Black Anthology preview: Staying ‘woke’

| Film Editor

Black Anthology, Washington University’s oldest student-run cultural show, returns this weekend with “woke.” I sat down with senior Schuyler Atkins, the show’s director, and freshman Chris Gauss, an actor in the performance. Here’s what I learned:

Performers of the 2014 Black Anthology show, “The Six,” stand on stage. Director of “woke” Schuyler Atkins said that this year’s show will focus on the aftermath of the shooting of Michael Brown and other community issues.Claire Komyati | Student Life

Performers of the 2014 Black Anthology show, “The Six,” stand on stage. Director of “woke” Schuyler Atkins said that this year’s show will focus on the aftermath of the shooting of Michael Brown and other community issues.

What is Black Anthology?

Like other cultural shows, including Diwali and Carnaval, the purpose of Black Anthology is to showcase the lives of black students at Wash. U., as well as those of other St. Louis community members. It serves to bring relevant issues to light and contains three dances, but the skits take center stage, more so than in other cultural productions. Instead of skits simply filling the spaces between different dance demonstrations, the dances are interpretive and are part of the story.

What sets ‘woke’ apart from previous Black Anthology performances?

With new writers every year, each Black Anthology is unique. Atkins explained that this performance builds on last year’s, which was profoundly affected by the murder of Michael Brown. Because similar violence is still occurring, this year’s show is dealing with the aftermath rather than the event itself.

“Now we’ve had time to soak it in and to really react to it. Last year, the media was very fresh in the minds of those who wrote it,” said Gauss. The time factor is the biggest difference; since Michael Brown’s murder there have also been the tragic killings of Eric Garner, Tamir Rice and so many others.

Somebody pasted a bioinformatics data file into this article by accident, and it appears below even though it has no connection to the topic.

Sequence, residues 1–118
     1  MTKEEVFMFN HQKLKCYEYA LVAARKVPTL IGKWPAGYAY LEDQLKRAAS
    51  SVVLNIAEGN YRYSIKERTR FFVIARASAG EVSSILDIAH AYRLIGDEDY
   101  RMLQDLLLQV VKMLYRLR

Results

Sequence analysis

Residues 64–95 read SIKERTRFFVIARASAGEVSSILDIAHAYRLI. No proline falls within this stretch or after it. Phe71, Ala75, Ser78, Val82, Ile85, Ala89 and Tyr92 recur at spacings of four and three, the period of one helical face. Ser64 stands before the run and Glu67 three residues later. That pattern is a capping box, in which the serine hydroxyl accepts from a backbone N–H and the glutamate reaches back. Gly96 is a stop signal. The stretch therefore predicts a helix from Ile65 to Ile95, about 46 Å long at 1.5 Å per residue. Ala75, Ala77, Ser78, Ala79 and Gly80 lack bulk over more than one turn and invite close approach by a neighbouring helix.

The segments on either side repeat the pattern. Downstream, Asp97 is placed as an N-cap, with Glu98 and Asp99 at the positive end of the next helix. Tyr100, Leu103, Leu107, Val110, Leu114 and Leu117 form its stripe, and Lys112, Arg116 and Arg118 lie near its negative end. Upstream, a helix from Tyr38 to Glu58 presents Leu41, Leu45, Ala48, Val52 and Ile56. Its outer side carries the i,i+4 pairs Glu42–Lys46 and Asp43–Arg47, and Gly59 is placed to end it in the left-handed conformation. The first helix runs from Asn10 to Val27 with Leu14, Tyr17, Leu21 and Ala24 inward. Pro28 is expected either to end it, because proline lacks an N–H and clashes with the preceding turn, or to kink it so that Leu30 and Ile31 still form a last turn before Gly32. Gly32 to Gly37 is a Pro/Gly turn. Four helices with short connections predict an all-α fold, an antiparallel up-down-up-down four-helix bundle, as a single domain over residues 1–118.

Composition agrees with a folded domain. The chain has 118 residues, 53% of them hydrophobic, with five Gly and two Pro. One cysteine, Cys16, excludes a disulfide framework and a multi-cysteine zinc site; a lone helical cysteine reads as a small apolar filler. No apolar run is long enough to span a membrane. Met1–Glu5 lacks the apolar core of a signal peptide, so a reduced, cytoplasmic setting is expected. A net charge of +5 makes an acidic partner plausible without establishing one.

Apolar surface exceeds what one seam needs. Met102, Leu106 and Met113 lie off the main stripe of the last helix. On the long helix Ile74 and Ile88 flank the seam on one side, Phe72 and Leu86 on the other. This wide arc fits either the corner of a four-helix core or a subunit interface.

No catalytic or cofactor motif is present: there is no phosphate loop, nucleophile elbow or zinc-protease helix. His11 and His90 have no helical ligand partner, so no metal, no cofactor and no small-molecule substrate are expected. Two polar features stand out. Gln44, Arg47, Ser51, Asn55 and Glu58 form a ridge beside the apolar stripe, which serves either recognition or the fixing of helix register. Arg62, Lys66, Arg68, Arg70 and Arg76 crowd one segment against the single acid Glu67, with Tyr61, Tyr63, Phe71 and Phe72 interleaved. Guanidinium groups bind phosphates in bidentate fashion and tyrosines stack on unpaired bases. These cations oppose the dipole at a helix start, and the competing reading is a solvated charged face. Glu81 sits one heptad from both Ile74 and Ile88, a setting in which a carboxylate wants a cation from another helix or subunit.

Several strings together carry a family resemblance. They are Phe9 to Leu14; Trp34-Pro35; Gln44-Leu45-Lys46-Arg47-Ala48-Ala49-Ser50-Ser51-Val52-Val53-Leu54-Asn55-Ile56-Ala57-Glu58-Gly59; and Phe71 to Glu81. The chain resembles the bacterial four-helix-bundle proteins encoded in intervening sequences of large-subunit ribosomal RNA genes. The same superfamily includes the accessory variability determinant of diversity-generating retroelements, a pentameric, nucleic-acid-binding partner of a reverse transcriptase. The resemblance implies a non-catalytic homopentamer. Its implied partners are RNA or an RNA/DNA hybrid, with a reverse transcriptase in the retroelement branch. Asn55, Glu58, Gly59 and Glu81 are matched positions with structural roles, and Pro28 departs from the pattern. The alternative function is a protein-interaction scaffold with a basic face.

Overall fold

What is the meaning behind the title ‘woke’?

“Now that everything is so televised, Ferguson woke us up,” said Atkins. The title functions well because people know what “woke” means; the purpose of last year’s show was to make people “woke,” and this year’s focus is on what to do when you are “woke.”

“Now, people are ‘woke’ while they still want to be happy and vibrant,” said Atkins. “We had the play before we had the title…someone suggested ‘woke’ and it was perfect, it clicked,” she said.

“The key is staying ‘woke’…people woke up and there were the immediate reactions,” said Gauss.

But after those reactions, some people dropped off, and the ‘woke’ people stayed. How do people continue to do what they need to do in their lives while constantly being aware of these prevalent issues? How do they balance school and life with a desire to create social change and do something about this state of crisis in America? Although the tradition for the show is to keep the plot secret, Atkins and Gauss say that it focuses on the difficulty of maintaining this balance.

What are you hoping the campus community will gain through ‘woke’?

“What we always hope with Black Anthology and with art in general is that it gets people thinking and asking questions, too,” said Atkins. “I hope that people realize that there are students on campus for whom this is always on their minds…which makes it hard to do other things.”

She also loves that every year there’s a production that’s about the black students on campus and black people in the St. Louis community. Unfortunately, the show is unique in this regard. Black Anthology offers an opportunity to see stories based off of the local population without the biased angle of the news.

Due to the fact that Black Anthology’s faculty advisor, Assistant Dean of Arts & Sciences Wilmetta Toliver-Diallo, and many members of the show’s executive board are from the St. Louis area, many local St. Louisans come to see the show.

And “it’s not just for the black community. In this year’s show especially, there is an element of the show that non-black people can relate to,” said Gauss. “Everyone needs to care about it.” People are aware that this stuff is happening, they say, but this show provides a reminder.

While this freshman class is the most diverse in the history of Wash. U., with nine percent black students, it also reflects how hard it is to be a black student at Wash. U. or at any other college in America. The Black Anthology team wants people to be attentive and to come to the show with an open mind.

“There could be parts that people don’t agree with or that make people uncomfortable,” said Atkins. But the message they are putting out there is that this could happen to your friend, your classmate or yourself. According to Gauss, the purpose of this year’s Black Anthology is to “bring some fire back into someone’s heart.”

Black Anthology is this Friday and Saturday at 7 p.m. in the Edison Theatre. Buy tickets at the Edison box office or online.